SAN DIEGO — Brian Cashman and the Yankees are like the remaining of baseball: They’re still waiting on Aaron Judge.
Cashman arrived on the winter meetings on Monday and said he had a conversation with Judge’s agent, Page Odle, earlier within the day, but still had no indication whether the most important free agent of the offseason was going to stay in The Bronx.
“It only takes one [team] to take him from us,” Cashman said. “It’s a danger. We’ve done it persistently and it’s been done to us, too. We’ll see.”
The Yankees are believed to have made a suggestion of about eight years and $300 million and while Cashman wouldn’t confirm those numbers, the overall manager said he’s made “a variety of offers” because the season ended and the “offers are quite a bit different” than the seven-year, $213.5 million extension Judge rejected on Opening Day.
Now, the Giants, with whom Judge met in San Francisco last month, are seen as essentially the most obvious threat to steal the slugger.
“We’re negotiating hard,” said Cashman, who added that managing general partner Hal Steinbrenner is “putting his money where his mouth is.”
But that, Cashman conceded, “doesn’t guarantee anything.”
Aaron JudgeGetty Images
And he also said that Judge’s camp has given the Yankees no indication they’ll come back to them before Judge makes a final decision.
And while the negotiations proceed, no less than a few of the Yankees’ offseason plans are on hold, since they should know the way much money — if any — they need for Judge or if it would go elsewhere. For now, Cashman said he’s not putting a deadline on when he needs a choice from the outfielder before he must look elsewhere.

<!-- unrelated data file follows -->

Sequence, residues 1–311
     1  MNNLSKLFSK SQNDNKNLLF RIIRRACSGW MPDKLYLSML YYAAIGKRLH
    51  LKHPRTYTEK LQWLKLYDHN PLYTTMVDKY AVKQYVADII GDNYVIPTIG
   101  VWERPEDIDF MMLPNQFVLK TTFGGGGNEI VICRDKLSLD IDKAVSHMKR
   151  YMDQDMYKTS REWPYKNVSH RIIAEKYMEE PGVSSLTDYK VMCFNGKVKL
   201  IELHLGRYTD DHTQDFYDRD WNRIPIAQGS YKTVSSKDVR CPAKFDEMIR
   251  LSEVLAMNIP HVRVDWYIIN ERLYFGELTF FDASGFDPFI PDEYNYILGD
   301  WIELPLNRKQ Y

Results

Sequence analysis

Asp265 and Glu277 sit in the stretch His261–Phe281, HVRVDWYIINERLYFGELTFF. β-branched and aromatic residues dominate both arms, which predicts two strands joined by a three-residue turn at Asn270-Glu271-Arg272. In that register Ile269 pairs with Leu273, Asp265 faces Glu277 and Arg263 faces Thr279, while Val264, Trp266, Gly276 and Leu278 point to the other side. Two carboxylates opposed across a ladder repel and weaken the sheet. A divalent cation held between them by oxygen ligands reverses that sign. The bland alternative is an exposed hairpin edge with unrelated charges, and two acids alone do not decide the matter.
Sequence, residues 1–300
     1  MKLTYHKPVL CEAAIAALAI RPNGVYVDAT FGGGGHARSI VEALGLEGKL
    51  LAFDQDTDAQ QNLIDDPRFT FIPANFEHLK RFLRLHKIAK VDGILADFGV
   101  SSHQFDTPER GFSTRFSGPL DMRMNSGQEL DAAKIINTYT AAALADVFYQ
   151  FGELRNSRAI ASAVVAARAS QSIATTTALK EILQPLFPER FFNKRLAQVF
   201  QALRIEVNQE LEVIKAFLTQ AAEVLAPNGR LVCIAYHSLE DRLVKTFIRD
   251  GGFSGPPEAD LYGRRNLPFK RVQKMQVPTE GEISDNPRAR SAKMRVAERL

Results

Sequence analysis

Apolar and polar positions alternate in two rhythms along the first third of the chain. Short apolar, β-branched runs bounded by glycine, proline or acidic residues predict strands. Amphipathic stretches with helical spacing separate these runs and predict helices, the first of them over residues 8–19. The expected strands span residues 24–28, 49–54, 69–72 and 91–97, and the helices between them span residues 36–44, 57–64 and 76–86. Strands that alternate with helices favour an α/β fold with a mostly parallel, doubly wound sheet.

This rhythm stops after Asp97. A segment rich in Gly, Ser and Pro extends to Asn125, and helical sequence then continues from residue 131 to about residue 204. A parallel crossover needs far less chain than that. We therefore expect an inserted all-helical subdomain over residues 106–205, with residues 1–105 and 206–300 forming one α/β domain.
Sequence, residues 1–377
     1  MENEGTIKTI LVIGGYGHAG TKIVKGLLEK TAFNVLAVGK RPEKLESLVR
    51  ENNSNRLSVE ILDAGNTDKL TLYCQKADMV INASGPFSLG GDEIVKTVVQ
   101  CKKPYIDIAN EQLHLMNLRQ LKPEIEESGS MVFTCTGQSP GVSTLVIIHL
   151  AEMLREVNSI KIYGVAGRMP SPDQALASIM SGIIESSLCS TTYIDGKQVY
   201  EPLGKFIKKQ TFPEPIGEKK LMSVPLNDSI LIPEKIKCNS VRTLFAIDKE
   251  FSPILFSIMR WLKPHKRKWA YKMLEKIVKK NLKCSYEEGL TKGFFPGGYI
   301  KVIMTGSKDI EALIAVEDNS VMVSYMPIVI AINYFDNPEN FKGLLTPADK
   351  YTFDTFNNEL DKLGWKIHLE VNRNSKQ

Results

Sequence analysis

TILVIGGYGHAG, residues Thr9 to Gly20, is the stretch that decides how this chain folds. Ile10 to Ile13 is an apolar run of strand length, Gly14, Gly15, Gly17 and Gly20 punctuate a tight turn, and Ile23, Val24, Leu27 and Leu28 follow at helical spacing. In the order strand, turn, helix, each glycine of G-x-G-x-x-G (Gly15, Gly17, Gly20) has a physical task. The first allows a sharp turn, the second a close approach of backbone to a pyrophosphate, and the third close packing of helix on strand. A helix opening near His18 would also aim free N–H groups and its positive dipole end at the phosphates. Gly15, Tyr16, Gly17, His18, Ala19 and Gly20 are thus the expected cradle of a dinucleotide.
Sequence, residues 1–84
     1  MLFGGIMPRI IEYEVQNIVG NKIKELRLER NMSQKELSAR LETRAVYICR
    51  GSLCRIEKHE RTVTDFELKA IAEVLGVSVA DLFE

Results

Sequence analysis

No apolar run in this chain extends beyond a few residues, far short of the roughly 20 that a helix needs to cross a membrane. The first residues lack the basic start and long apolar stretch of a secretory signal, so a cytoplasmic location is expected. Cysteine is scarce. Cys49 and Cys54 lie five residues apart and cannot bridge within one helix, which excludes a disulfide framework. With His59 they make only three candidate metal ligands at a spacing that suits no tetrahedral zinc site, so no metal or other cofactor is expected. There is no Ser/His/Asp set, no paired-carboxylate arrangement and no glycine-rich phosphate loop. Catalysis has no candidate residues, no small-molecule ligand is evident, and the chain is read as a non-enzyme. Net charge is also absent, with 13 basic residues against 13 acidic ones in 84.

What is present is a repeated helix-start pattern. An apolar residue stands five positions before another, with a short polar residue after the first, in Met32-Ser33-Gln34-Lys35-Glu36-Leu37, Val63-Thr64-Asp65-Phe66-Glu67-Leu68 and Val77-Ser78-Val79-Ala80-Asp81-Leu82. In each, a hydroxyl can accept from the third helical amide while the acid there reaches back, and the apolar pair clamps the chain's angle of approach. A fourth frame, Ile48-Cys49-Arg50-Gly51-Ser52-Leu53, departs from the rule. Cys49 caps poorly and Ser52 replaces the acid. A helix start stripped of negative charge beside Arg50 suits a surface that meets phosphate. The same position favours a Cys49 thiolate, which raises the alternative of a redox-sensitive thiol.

“You’ve seen within the last 48 hours, people begin to make decisions,” Cashman said of the highest free agents reminiscent of Jacob deGrom to Texas, Justin Verlander to the Mets and Trea Turner to the Phillies.
“It’s not like we missed time, in my view, but I understand the longer things go, the more in danger you might be,” Cashman said. “It’s easier if we’re driving it. We’re not driving it. … He’s got plenty of leverage and he’s earned that right.”
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Chatting with Giants beat reporters Monday night, Farhan Zaidi, San Francisco’s president of baseball operations, said talks between the Giants and Judge “are continuing.”
Zaidi said the team has “really strong interest” in Judge and the outfielder’s visit with the team was “really productive.”
It’s unknown whether Judge has met with some other teams.
MLB.com reported Monday that Judge was expected to attend these meetings on the Grand Hyatt on Tuesday, but someone near Judge said Monday night that Judge “was not coming presently.”
Brian CashmanCharles Wenzelberg / Latest York Post
Aaron Boone said he spoke to Judge recently, but not about free agency — and he was also in unsure of Judge’s plans.
Judge was in Tampa on Monday night, on the Buccaneers-Saints game at Raymond James Stadium, and spoke with star quarterback Tom Brady within the tunnel before the sport.
Cashman said if Judge departs, the Yankees could turn to the free-agent shortstop market, which still includes Carlos Correa, Xander Bogaerts and Dansby Swanson.
“If Judge signs elsewhere, will we pivot and do something else?,’’ Cashman said. “Can we remake ourselves completely? I don’t know. It’s not what we wish to do.”
They need to keep Judge, who set the American League record with 62 homers last season.
Aaron JudgeGetty Images
Turner, a little bit over a 12 months younger than Judge, signed an 11-year, $300 million cope with the Phillies on Monday.
How that impacts the length of Judge’s deal — if in any respect — stays to be seen and there may be a belief the Yankees would go to a ninth 12 months to retain Judge — very like they did three years ago after they signed Gerrit Cole.
“We’ll see the way it all plays out,” Cashman said. “The way in which this winter is gonna play out could take us down plenty of different roads we didn’t expect. My phone has been quite a bit more energetic the last five days than [before]. Things were developing slowly and now they’re opening up a little bit bit.”
— Additional reporting by Jon Heyman